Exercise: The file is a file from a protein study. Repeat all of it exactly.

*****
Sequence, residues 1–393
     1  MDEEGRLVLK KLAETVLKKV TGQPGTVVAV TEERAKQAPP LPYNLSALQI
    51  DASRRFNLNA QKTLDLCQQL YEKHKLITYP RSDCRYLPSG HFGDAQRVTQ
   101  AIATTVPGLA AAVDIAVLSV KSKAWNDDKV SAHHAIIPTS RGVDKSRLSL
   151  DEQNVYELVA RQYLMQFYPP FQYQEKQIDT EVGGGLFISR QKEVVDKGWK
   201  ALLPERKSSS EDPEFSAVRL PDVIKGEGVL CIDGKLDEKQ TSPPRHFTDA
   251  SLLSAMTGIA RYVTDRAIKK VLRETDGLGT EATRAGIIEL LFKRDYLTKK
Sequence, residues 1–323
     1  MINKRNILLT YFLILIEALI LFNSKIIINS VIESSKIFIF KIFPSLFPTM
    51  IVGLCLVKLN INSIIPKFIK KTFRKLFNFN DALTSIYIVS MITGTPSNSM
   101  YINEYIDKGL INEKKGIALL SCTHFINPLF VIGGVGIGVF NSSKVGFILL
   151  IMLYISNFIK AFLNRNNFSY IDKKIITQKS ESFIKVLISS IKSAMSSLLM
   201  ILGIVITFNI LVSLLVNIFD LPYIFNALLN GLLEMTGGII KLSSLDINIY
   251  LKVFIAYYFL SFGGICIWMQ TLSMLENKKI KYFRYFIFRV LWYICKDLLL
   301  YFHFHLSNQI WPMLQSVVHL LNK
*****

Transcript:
Sequence, residues 1–393
     1  MDEEGRLVLK KLAETVLKKV TGQPGTVVAV TEERAKQAPP LPYNLSALQI
    51  DASRRFNLNA QKTLDLCQQL YEKHKLITYP RSDCRYLPSG HFGDAQRVTQ
   101  AIATTVPGLA AAVDIAVLSV KSKAWNDDKV SAHHAIIPTS RGVDKSRLSL
   151  DEQNVYELVA RQYLMQFYPP FQYQEKQIDT EVGGGLFISR QKEVVDKGWK
   201  ALLPERKSSS EDPEFSAVRL PDVIKGEGVL CIDGKLDEKQ TSPPRHFTDA
   251  SLLSAMTGIA RYVTDRAIKK VLRETDGLGT EATRAGIIEL LFKRDYLTKK
Sequence, residues 1–323
     1  MINKRNILLT YFLILIEALI LFNSKIIINS VIESSKIFIF KIFPSLFPTM
    51  IVGLCLVKLN INSIIPKFIK KTFRKLFNFN DALTSIYIVS MITGTPSNSM
   101  YINEYIDKGL INEKKGIALL SCTHFINPLF VIGGVGIGVF NSSKVGFILL
   151  IMLYISNFIK AFLNRNNFSY IDKKIITQKS ESFIKVLISS IKSAMSSLLM
   201  ILGIVITFNI LVSLLVNIFD LPYIFNALLN GLLEMTGGII KLSSLDINIY
   251  LKVFIAYYFL SFGGICIWMQ TLSMLENKKI KYFRYFIFRV LWYICKDLLL
   301  YFHFHLSNQI WPMLQSVVHL LNK